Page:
|Severe sepsis cohorts derived from claims-based strategies appear to be biased toward a more severely ill patient population.|
|PMID: 23385099 Owner: NLM Status: MEDLINE|
|OBJECTIVE: The epidemiology of severe sepsis is derived from administrative databases that rely on International Classification of Diseases, 9th Revision, Clinical Modification (ICD-9-CM) codes to select cases. We compared the sensitivity of two code abstraction methods in identifying severe sepsis cases using a severe sepsis registry.
DESIGN: Single-center retrospective cohort study.
SETTING: Tertiary care, Academic, University Hospital.
PATIENTS: One thousand seven hundred thirty-five patients with severe sepsis or septic shock.
MEASUREMENTS: Proportion identified as severe sepsis using two code abstraction methods: 1) the new specific ICD-9 codes for severe sepsis and septic shock, and 2) a validated method requiring two ICD-9 codes for infection and end-organ dysfunction. Multivariable logistic regression was performed to determine sociodemographics and clinical characteristics associated with documentation and coding accuracy.
MAIN RESULTS: The strategy combining a code for infection and end-organ dysfunction was more sensitive in identifying cases than the method requiring specific ICD-9 codes for severe sepsis or septic shock (47% vs. 21%). Elevated serum lactate level (p<0.001), ICU admission (p<0.001), presence of shock (p<0.001), bacteremia as the source of sepsis (p=0.02), and increased Acute Physiology and Chronic Health Evaluation II score (p<0.001) were independently associated with being appropriately documented and coded. The 28-day mortality was significantly higher in those who were accurately documented/coded (41%, compared with 14% in those who were not, p<0.001), reflective of a more severe presentation on admission.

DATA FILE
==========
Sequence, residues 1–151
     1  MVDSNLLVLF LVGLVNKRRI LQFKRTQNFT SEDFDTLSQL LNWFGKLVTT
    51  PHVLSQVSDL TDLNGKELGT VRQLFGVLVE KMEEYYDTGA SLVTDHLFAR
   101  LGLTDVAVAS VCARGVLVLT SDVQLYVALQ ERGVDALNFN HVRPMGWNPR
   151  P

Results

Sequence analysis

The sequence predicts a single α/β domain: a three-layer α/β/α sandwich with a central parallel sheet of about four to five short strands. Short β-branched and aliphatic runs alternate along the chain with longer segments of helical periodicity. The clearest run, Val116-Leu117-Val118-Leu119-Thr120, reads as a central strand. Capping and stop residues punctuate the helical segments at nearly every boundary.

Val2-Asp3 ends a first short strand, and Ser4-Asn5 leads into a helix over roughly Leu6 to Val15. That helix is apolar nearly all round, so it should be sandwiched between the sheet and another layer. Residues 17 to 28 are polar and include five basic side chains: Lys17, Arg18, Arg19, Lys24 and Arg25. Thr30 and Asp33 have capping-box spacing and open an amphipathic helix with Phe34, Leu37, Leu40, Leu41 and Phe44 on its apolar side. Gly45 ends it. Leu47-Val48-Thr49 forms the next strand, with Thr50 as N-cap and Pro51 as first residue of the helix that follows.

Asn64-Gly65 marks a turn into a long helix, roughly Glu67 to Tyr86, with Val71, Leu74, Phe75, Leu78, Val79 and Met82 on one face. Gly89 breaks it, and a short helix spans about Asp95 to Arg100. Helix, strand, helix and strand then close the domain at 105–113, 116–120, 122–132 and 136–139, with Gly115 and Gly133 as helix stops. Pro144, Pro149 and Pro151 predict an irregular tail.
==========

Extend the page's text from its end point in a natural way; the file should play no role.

CONCLUSIONS: Patients admitted with severe sepsis and septic shock were incompletely documented and under-coded, using either ICD-9 code abstracting method. Documentation of subsequent coding of severe sepsis was more common in more severely ill patients. These findings are important when evaluating current national estimates and when interpreting epidemiologic studies of severe sepsis as cohorts derived from claims-based strategies appear to be biased toward a more severely ill patient population.
|Stacey-Ann Whittaker; Mark E Mikkelsen; David F Gaieski; Sherine Koshy; Craig Kean; Barry D Fuchs|
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|Type: Journal Article; Research Support, N.I.H., Extramural; Research Support, Non-U.S. Gov't|
|Title: Critical care medicine Volume: 41 ISSN: 1530-0293 ISO Abbreviation: Crit. Care Med. Publication Date: 2013 Apr|
|Created Date: 2013-03-26 Completed Date: 2013-05-30 Revised Date: 2014-04-02|
Medline Journal Info:
|Nlm Unique ID: 0355501 Medline TA: Crit Care Med Country: United States|
|Languages: eng Pagination: 945-53 Citation Subset: AIM; IM|
|APA/MLA Format Download EndNote Download BibTex|
Abstracting and Indexing as Topic
Critical Illness / classification*, epidemiology*
International Classification of Diseases
Medical Records / statistics & numerical data
Sensitivity and Specificity
Sepsis / classification*, diagnosis, epidemiology*
Severity of Illness Index*
Shock, Septic / classification, epidemiology
|L30 GM086101/GM/NIGMS NIH HHS; L30 HL115698/HL/NHLBI NIH HHS|
|Crit Care Med. 2013 Apr;41(4):1134-6
From MEDLINE®/PubMed®, a database of the U.S. National Library of Medicine
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